Friday humour: Being a (brown skinned) Englishman in Boston

Funny how a song can prompt a thought-stream. I just caught Sting’s An Englishman in New York on the radio and I couldn’t help but laugh knowingly. Being me, I mentally upped the ante:. I wanted to tell Sting: be a browned skinned Englishman in Boston.

This post is a bit off topic for the subject of this blog. It’s about me, so I don’t feel too badly about that. And for a Friday, I hope it makes you either smile, laugh out loud – or both.

I’m lucky to be a dual national American-Brit. I think I inherited the best of both worlds. My American-instilled “I can do anything I set my mind to doing” attitude served me very, very well in the UK. It enabled me to carve out quite the career in the British entertainment industry. Here in the US, I have that unquantifiable thing called “Englishness” which serves me quite well. Call it manners, bearing, that British sense of fair play – whatever it is -it’s something that makes me stick out in people’s memories (in a positive way) on this side of the Pond.

And my accent. Oh, blimey, there’s my accent.

My accent is pure Home Counties British. Not quite what the British would call “posh”…but something like posh’s next door neighbour. In American terminology, I speak “well”. But it’s mostly just the accent and the vocabulary. It causes no manner of confusion in my adopted home of Boston. And when you have someone who looks like me – cue the brown skinned bit – well, it’s a show stopper. Brows wrinkle. Head’s tilt in that way that they do when people try to comprehend the incomprehensible. There are looks of confusion, from vague to downright comical. It’s like witnessing reality taking a holiday or finding yourself in an episode of the Twilight Zone. You’d be forgiven for thinking that I’d just shown them a picture of Queen Elizabeth sporting a Mohawk. It hits my funny bone, hard, every time. There’s no malice in this. It is genuinely funny. And rest assured that the British half of me takes over and I don’t laugh, for that would be impolite. It’s just not the done thing.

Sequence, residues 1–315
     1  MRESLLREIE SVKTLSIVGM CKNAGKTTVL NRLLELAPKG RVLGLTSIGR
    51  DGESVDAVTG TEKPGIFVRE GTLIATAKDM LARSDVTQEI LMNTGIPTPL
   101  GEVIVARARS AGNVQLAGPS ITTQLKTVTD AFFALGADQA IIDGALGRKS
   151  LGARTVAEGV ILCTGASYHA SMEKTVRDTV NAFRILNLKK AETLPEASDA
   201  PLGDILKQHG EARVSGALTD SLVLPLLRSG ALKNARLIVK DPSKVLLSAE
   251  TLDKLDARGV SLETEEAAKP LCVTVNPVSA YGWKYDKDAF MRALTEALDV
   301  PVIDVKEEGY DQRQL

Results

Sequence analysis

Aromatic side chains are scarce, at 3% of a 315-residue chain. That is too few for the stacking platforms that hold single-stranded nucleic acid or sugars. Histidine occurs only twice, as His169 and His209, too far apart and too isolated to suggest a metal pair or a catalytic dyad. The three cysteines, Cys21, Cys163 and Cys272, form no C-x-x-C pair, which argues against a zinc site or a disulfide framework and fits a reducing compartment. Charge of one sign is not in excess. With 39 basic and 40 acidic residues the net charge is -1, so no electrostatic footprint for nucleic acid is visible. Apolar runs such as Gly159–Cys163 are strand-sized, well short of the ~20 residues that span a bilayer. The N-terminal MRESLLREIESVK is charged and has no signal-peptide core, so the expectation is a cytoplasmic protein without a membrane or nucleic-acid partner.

This, I hasten to add, is pan-racial. By that I mean the reaction is universal…the exception being the other Europeans and Brits I’ve met in Boston.

I was in Home Depot yesterday discussing the merits of galvanized deck nails and the man I was speaking with blurted out “You sound just like Downton Abbey”. This time I did laugh. He caught me off guard. All I could say was “Until I’m annoyed or angry, then I sound like I should be on Eastenders.” He didn’t quite get the analogy so I let rip with a bit of pure Walthamstow (that is to say, a very, very East End accent). He then asked the inevitable. “Do all, you know, black people in England -?”

“No,” I replied. And I know myself well enough to know there was something of a twinkle of mischievousness in my eyes. “Some have West Country accents, you know, they talk like pirates. Others have Liverpudian accents, then there’s Glaswegian accents, Ulster accents, while others have hardcore Essex accents.” I couldn’t resist. I went on to say if he really wanted his mind blown he should go to a Chinese takeout anywhere in Scotland and hear what accent a Scottish person of Chinese descent had.